An electroencephalogram (EEG) is a test that measures and records the electrical activity of the brain. An EEG uses sensors or electrodes that are attached to the head and connected by wires to a computer. An EEG is a painless test. No electricity is put into your body.
Why an EEG is done @(Model.HeadingTag)>
An EEG is done to:
- detect and locate abnormal electrical activity in the brain
- identify the location of a suspected brain tumour, inflammation, infection, bleeding or head injury
- diagnose and monitor diseases such as epilepsy (a seizure disorder), narcolepsy (a sleep disorder) and swelling of the brain
- monitor the brain during brain surgery
How an EEG is done @(Model.HeadingTag)>
An EEG may be done in a hospital, medical clinic or doctor’s office. The appointment takes about an hour with the EEG usually taking 20 to 40 minutes. It may be longer if you need to sleep during the test.
Before the test, you can usually eat and drink, with some limits, and continue to take your medicines as normal. Your doctor will tell you more. Avoid foods that contain caffeine, such as cola and chocolate, for at least 8 hours before the test.
Because electrodes will be attached to your scalp, your hair should be clean, with no hair product of any kind in it. Shampoo and rinse your hair with water the night before or the morning of the test. If you have a hair weave, ask about special instructions.
You will lie on a bed or examination table or relax in a chair with your eyes closed. You need to be still and not speak during the test.
Your scalp will be cleaned and about 20 metal discs, called electrodes or sensors, will be attached to different places on your head. Your head will not need to be shaved. A sticky paste holds the electrodes in place. Some people may wear a cap with fixed electrodes. The electrodes are connected by wires to a machine that amplifies and records the electrical activity inside the brain. The machine records the electrical activity as a series of wavy lines drawn by a row of pens on a moving piece of paper or as an image on a computer screen.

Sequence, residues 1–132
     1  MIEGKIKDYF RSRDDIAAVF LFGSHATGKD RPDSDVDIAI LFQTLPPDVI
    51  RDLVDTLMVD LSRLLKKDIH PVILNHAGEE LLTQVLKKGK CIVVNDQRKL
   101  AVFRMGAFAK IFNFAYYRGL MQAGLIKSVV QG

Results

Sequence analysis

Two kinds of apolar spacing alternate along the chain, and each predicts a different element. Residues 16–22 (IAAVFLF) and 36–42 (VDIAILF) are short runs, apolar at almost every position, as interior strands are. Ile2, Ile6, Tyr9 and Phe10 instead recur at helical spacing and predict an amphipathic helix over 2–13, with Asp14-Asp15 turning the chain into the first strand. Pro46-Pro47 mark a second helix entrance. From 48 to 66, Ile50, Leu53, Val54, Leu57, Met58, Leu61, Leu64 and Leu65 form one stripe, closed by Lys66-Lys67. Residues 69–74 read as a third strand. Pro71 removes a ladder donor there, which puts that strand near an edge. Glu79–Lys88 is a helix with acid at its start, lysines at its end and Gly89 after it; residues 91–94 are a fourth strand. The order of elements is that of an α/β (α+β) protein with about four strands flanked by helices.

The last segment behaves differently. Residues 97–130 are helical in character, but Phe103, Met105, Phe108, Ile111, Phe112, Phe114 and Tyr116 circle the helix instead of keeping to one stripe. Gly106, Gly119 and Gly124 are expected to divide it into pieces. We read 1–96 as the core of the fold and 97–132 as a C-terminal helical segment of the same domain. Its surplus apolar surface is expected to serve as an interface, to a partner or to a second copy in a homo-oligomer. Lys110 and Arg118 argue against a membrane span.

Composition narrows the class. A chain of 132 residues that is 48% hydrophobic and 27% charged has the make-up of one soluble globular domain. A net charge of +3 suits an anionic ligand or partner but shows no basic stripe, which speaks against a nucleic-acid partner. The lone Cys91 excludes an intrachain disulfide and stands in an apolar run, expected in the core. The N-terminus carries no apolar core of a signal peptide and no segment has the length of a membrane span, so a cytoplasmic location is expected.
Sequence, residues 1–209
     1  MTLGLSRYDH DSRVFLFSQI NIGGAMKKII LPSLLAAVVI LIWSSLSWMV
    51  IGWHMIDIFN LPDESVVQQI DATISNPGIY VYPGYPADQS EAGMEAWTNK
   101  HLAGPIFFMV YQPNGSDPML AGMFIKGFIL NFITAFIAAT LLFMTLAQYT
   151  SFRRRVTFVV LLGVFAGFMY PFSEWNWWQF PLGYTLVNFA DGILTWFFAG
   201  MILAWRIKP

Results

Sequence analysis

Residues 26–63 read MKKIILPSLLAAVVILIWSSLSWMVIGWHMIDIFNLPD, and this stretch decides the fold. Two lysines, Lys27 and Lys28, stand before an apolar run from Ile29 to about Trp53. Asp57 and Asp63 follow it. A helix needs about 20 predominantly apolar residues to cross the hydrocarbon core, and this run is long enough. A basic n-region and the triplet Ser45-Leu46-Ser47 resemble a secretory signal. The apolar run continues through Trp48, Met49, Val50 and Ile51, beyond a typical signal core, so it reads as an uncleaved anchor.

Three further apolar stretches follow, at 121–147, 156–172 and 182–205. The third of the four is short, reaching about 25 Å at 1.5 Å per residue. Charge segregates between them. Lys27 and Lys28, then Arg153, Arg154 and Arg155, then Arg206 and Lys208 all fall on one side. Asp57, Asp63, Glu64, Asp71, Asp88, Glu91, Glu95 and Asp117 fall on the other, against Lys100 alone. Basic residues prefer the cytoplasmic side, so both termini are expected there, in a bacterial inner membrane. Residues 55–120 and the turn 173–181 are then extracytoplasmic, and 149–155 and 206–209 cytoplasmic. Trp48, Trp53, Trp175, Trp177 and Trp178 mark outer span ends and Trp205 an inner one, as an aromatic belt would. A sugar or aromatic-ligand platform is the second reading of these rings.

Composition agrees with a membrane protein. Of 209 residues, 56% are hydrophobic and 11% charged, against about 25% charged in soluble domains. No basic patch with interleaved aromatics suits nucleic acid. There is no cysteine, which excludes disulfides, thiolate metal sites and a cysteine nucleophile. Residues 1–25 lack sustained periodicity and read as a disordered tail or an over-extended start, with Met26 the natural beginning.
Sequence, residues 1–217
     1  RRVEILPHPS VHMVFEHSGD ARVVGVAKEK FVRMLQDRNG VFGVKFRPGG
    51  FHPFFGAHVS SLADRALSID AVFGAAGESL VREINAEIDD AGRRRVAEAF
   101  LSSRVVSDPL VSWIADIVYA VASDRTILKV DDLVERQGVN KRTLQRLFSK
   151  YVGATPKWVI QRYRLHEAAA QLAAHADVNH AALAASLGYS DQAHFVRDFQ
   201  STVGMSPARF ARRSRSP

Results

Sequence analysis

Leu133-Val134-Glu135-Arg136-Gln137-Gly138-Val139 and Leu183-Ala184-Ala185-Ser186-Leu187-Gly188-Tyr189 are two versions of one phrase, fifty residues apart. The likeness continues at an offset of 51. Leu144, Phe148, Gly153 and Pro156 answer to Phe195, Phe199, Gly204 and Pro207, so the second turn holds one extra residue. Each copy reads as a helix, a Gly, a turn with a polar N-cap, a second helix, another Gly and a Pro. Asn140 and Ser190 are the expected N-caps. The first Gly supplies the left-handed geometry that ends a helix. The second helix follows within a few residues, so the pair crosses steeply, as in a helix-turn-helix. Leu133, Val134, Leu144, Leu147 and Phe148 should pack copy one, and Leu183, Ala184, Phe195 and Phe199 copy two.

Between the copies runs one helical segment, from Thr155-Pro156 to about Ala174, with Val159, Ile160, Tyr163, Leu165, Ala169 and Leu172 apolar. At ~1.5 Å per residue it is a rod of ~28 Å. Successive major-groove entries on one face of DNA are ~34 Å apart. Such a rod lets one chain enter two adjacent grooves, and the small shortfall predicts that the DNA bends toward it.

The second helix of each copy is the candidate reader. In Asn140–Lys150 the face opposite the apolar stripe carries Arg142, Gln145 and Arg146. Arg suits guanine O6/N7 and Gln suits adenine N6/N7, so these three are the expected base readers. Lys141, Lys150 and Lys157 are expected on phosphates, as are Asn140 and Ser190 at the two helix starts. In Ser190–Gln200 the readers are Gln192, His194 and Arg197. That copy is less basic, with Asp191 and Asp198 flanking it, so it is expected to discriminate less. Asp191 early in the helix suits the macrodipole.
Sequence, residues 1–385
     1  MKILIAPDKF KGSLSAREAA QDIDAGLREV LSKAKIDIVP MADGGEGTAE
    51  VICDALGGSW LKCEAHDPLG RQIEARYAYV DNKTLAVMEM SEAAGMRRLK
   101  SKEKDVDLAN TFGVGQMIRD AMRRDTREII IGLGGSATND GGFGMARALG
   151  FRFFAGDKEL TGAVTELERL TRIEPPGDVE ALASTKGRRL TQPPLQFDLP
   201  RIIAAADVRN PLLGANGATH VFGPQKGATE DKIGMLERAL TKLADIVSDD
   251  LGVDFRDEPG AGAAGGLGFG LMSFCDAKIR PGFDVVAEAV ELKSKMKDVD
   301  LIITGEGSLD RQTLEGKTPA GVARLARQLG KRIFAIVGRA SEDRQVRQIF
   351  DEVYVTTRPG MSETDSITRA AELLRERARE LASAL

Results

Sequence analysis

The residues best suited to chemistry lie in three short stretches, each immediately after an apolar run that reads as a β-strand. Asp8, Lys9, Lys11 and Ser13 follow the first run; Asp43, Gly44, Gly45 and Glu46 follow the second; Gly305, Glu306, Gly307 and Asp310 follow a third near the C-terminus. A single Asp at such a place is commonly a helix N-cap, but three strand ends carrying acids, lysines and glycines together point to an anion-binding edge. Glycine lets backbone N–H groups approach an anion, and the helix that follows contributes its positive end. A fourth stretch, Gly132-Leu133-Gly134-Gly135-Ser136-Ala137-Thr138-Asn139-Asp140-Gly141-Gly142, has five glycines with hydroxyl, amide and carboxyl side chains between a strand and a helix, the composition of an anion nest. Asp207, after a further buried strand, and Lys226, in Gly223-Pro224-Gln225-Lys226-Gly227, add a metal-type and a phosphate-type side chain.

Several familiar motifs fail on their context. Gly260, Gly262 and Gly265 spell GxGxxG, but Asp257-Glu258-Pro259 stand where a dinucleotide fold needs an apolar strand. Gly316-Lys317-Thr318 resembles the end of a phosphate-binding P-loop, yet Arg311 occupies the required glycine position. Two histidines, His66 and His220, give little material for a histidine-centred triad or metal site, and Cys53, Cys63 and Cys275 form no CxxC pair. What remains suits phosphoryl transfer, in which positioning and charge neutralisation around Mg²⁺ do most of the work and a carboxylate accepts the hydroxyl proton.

The recording may be stopped from time to time to allow you to take a break to stretch and get back in position.
You may be asked to do certain tasks to observe how the brain responds to different forms of stimulation. These tasks may include breathing deeply and rapidly, looking at a bright, flashing light and sleeping.
You can usually go home and return to normal activities after the EEG. Some paste may need to be washed out of your hair after the test.
What happens if the result is abnormal? @(Model.HeadingTag)>
Depending on the result, your doctor will decide if you need more tests, any treatment or follow-up care.
Special considerations for children @(Model.HeadingTag)>
Preparing children before a test or procedure can lower anxiety, increase cooperation and help them develop coping skills. Preparation includes explaining to children what will happen during the test, including what they will see, feel, hear, taste or smell.
Preparing a child for an EEG depends on the age and experience of the child. Find out more about helping your child cope with tests and treatments.
Expert review and references
NHS Choices. EEG. 2015: http://www.nhs.uk/Conditions/EEG/Pages/Introduction.aspx.
The Hospital for Sick Children (SickKids). Electroencephalogram (EEG). 2009: http://www.aboutkidshealth.ca/En/HealthAZ/TestsAndTreatments/Tests/Pages/Electroencephalogram-EEG.aspx.
US National Library of Medicine. MedlinePlus Medical Encyclopedia: EEG. 2016: https://www.nlm.nih.gov/medlineplus/ency/article/003931.htm.